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20121202
20121210
Search Results 0 to 5 of about 6 (some duplicates have been removed)
about rock of ages, the big surprise. we have nine states that have done it. in this past election, which i think is pivotal, four states did it completely by popular vote. no court ruling on rights, just public will. >> for the first time in 40 years in four states thanks to the efforts of chad and a lot of other people, for the first time there was a populist vote, and the people spoke. they have never spoken in favor before, but there are really two ways. it's also equal protection under the law and also that the court has found it to be a fundamental right. this is an extraordinary, extraordinary time, and -- >> let's cut this in two. there's two questions here. one is doma, the defense of marriage act. this administration will not defend it in the courts. if that gets struck down, what does that say to cases around the country where people have been allowed to marry in the same gender? chad, on that. what happens it doma gets struck down by the court, 5-4 or whatever? >> the ridiculously named defense of marriage act would be gone obviously. >> what would it mean to a gay pers
and in his first post-election interview president obama again rejected the house republican counteroffer that is on the table. >> unfortunately the speaker's proposal right now is still out of balance. we're going to have to see the rates on the top 2% go up and we're not going to be able to get a deal without it. >> let's hope he sticks to it. >> g.o.p. leaders aren't only dealing with the president and congressional democrats they're dealing with a split within their own ranks. more conservative republicans don't want party leaders to compromise anymore than they think they already have. even though the republican plan offers up $800 billion in new taxes without upping tax rates at all tea party leaders say higher taxes shouldn't be in any form because it is not what republicans stand for. south carolina senator jim demint went so far as to call on supporters of his senate conservative fund to call senate republicans and ask them to oppose what he's calling the boehner tax hike. the looming question for re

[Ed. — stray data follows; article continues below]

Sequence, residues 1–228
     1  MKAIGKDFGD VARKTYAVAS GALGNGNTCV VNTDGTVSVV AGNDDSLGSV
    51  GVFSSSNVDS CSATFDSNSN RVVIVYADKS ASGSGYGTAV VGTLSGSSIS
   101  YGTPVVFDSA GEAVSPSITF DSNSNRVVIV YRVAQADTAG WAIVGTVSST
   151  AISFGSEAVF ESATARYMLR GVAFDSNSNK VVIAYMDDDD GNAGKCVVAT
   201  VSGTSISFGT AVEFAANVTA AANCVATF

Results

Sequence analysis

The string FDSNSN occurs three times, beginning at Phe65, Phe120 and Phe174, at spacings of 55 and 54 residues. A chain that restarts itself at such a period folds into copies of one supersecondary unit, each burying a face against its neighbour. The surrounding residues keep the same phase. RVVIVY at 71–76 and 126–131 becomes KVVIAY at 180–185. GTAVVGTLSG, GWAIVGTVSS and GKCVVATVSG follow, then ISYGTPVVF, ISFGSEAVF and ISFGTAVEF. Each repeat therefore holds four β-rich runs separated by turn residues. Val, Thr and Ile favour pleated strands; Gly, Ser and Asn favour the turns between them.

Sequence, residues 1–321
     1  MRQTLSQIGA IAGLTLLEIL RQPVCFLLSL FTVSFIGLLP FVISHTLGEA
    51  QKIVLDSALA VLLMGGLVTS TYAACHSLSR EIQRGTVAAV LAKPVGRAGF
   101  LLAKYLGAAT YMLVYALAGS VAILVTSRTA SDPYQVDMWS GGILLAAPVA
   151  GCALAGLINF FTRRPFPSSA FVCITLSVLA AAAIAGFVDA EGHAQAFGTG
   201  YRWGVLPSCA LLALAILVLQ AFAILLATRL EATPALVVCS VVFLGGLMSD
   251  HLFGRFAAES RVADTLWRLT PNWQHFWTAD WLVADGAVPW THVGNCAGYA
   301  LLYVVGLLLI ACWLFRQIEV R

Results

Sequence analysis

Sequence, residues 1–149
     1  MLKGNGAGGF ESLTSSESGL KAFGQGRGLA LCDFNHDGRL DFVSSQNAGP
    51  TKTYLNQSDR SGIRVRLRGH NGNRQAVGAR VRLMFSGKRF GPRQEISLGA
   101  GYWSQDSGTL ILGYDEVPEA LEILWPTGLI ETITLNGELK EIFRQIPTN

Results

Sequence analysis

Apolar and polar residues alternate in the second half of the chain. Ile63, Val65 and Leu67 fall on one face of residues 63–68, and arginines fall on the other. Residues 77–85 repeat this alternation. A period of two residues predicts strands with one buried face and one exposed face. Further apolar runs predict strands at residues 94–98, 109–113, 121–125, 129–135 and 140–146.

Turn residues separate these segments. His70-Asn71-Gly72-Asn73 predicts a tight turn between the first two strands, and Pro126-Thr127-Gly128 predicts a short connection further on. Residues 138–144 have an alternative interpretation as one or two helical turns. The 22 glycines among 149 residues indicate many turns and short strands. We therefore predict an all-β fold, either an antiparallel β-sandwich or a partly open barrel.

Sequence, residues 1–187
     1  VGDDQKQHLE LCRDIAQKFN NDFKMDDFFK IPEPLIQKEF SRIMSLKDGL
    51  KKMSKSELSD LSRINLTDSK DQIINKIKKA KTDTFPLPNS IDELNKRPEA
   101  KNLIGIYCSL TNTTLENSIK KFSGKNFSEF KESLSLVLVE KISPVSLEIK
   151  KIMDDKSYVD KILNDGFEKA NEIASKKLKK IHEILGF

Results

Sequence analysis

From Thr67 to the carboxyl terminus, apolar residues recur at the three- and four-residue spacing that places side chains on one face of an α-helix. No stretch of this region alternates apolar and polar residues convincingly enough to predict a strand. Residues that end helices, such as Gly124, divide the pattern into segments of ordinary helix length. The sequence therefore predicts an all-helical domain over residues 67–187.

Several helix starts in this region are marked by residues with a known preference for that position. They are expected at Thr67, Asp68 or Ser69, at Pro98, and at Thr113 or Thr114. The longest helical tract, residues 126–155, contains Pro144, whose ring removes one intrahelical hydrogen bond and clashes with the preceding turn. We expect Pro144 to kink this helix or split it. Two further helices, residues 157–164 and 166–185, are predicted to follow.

at that time. the republicans held a lot of the cards. this time it's very different. president came off the re-election. that's why you see the president holding the hard line. a lot of pressure on the president to hold his hard line even from his left. i think you'll continue to seat president do so. it's going to be up to the republicans to feel whether he has enough pressure, i think the white house is encouraged that some republicans have broken ranks and are starting to say let's look at other opportunities to maybe raise rates. >> we'll talk about the ultimate in breaking ranks if you will. molly, i want to ask you about the surprising resignation of tea party favorite jim demint. it seems kind of sudden. why now? >> everybody was surprised about this. but i seems in the aftermath of the election the republicans are still in the minority of the senate. demint was in the minority of the minority. that's not a very powerful place to be. demint always known as a bomb thrower, someone who liked to make trouble. he figured he's probably correct about this he could have more power and influence and be
type of constitution in which the people can have a say in electing their government. and where the countries then are put on a more stable footing. because once that goes, then what? so this is fantastically difficult. once you lift the lid off these very repressive regimes and out comes all this religious and tribal tension, we have to find a way to stabilizing the situation and bring the bloodshed to an end. >> elsewhere in the region, egypt right now, we're seeing these protesters, these anti-mohammed morsi protesters moving closer and closer towards the presidential pass palace in cairo. they're concerned about what morsi is doing as far as democracy in egypt. how worried are you about the situation in egypt? >> i think egypt is key to the region, so the answer is, you've got to be extremely worried when you see instability affecting egypt. this is, again, the birth pangs of proper democracy in some ways, but this struggle is immensely important. obviously what's important in these countries where they've moved to a democratic system is that there is a clear understanding t
Search Results 0 to 5 of about 6 (some duplicates have been removed)